Exit lightning connectors and cables

Blog | 5th October 2021

Smartphone manufacturers could not make it happen together, so the European Commission is stepping in: one EU standard for charging your electronic devices. USB-C is the answer to it all, according to a proposed legislation by the European Commission. Thereby eliminating lightning (Apple) and micro-USB (older devices) as early as 2024. Is this just a first step in harmonizing the rules of charging? And will Apple give in or come up with a new charging standard as the next big thing? All in all, it seems that wireless charging is truly holding the future.

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USB-C cable and adapter

From Micro-USB to lightning and USB-C

In 2009 a staggering total of 30 different charger connectors where available. Changing your phone usually meant throwing away your old charger. Therefore, a total of 14 mobile phone producers made an agreement to harmonize chargers for data-enabled mobile phones in that same year. The European Commission further built on these plans to standardize charging on a bigger scale, going for the (now outdated) micro-USB standard. It should have been in full effect around 2011. However, the campaigning of standardization had a limited effect due to 2 main reasons:

1. Apple introduced its lightning connector in 2012 and provided users with a micro-USB adapter if need be – thus adhering to the EU laws.
2. Micro-USB was soon overtaken by USB-C with its introduction in 2014. Nowadays almost all Android devices make use of this port.

Jump ahead an entire decade to September this year: the European Commission announced plans to forcefully let smartphone manufacturers embrace the USB-C connector as EU standard. The new proposal also adressess the need for harmonized fast charging technology. This would prevent smartphone manufacturers from limiting the charging speed.

“We gave industry plenty of time to come up with their own solutions, now time is ripe for legislative action for a common charger”

– European Commission Executive Vice-President Vestager

As for now it is just a proposal which still needs to be made into law. However, it seems that the European Parliament – which has the vote – is in favor, as it had already been pushing for a common charger for mobile devices for a long time. After approval of the proposal, manufacturers have 24 months to comply with the rules. This means that micro-USB and lightning might meet their end as early as 2024.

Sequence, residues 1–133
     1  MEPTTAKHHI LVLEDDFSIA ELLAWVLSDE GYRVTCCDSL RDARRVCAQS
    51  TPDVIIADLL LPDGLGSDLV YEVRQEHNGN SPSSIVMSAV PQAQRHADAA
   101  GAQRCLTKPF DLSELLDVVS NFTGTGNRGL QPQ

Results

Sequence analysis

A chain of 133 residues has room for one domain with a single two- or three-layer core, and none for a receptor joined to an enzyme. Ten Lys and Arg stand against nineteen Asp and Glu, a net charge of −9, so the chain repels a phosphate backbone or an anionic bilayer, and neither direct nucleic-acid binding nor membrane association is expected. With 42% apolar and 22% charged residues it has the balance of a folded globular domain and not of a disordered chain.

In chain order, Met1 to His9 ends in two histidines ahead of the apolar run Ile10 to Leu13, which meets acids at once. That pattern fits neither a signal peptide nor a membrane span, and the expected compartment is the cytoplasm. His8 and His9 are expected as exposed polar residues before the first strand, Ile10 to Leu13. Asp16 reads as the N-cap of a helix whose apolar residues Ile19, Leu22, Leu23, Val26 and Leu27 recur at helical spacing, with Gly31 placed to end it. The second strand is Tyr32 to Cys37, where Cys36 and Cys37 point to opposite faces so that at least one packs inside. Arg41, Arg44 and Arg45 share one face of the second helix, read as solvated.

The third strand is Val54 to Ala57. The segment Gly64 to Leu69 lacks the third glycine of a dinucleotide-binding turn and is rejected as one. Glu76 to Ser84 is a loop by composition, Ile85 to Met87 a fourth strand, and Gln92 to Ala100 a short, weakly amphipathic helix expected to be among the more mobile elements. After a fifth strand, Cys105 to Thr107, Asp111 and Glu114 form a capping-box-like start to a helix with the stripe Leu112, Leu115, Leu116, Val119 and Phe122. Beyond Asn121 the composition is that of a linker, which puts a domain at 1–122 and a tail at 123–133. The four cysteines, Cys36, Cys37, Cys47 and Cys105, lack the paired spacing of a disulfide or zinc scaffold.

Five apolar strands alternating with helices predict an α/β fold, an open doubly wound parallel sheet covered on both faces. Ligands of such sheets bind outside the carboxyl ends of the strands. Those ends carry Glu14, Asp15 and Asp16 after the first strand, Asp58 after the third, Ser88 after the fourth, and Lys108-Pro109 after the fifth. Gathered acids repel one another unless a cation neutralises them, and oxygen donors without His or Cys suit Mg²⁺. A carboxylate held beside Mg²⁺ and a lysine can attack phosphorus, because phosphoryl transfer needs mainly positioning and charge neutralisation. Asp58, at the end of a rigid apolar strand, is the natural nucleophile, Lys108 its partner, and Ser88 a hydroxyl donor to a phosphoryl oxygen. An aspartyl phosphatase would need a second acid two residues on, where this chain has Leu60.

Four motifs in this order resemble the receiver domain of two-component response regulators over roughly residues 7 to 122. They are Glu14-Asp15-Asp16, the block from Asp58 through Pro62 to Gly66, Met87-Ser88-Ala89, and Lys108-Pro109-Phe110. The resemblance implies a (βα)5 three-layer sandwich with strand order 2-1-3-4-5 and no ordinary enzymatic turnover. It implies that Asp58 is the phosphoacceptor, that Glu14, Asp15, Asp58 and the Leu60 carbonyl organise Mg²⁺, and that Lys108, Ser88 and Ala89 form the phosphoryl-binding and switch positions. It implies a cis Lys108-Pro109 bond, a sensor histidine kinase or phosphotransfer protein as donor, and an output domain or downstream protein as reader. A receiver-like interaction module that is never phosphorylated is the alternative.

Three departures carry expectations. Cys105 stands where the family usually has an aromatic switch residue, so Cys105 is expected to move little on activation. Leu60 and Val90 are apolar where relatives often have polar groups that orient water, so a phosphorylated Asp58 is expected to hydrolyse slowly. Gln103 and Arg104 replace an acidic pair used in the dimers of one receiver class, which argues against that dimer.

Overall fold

Apple: the next big thing?

Having fully embraced the lightning connector in its products, Apple was not happy with the new proposal.

“We remain concerned that strict regulation mandating just one type of connector stifles innovation rather than encouraging it, which in turn will harm consumers in Europe and around the world”

– Apple’s spokesperson

Apple is already USB-C compliant with its latest iPad and MacBook line-up and adheres to the separation of chargers from electronics since the introduction of the iPhone 12. Still, the entire removal of the beloved lightning connector is one step Apple is not willing to make just yet. Besides the public statement regarding the limiting effect on innovation and consumer protection, there is of course a financial reason for this. An official lightning cable needs to be MFi-certified for it to work properly and has a price tag that is around 2 to 4 times more expensive than that of a USB-C cable. Removing the lightning connector would cut into the profits Apple is making in the charger market.

It remains to be seen whether Apple will fully embrace the open standard of USB-C, or whether it will find a loophole to personalize it with a MFi kind of functionality. Looking at the development in the charger market, it is also possible that Apple will take the leap towards a portless smartphone which can be charged on any wireless charger.

Check out our blog: Will portless smartphones become the new standard?

First step to wireless charging standard

The discussion of a standardized charging solution for small electronic devices has been overtaken by the technological developments of charging. This was already visible when the European Commission proposed micro-USB back in 2009. The same might apply for USB-C standardization in 2024. Cabled charging no longer holds the future. It is limiting users to always use one charger for each device that needs to be charged. Even more so, current gen iPhones will still need to be charged with a lightning cable in 2024, meaning that a household might still be using at least 2 different charging cables for some time to come.

“EU citizens own three mobile phone chargers on average, according to the European Commission. But 38% of consumers have not been able to charge their phone on at least one occasion because they didn’t have the correct charger to hand.”

– Chris Liakos, CNN

Wireless charging solutions will prove to be more consumer and environmental friendly than any cabled solution. Cables are prone to defects after extensive usages: tearing of the cable, a damaged connection and overheating, to name just a few. Even more so, a charging cable can also damage your phone port if used incorrectly, or of a questionable manufacturer.

With a wireless charger you can charge multiple devices at the same time. You will only need one charger for all devices: you have an iPhone 8 and your friend a Samsung S20? One wireless charger is all you need. You will never bend or tear a cable ever again. Plus you can pick up your phone at any time, without damaging your charger or phone because you forgot it was charging. Empowering freedom with wireless charging.

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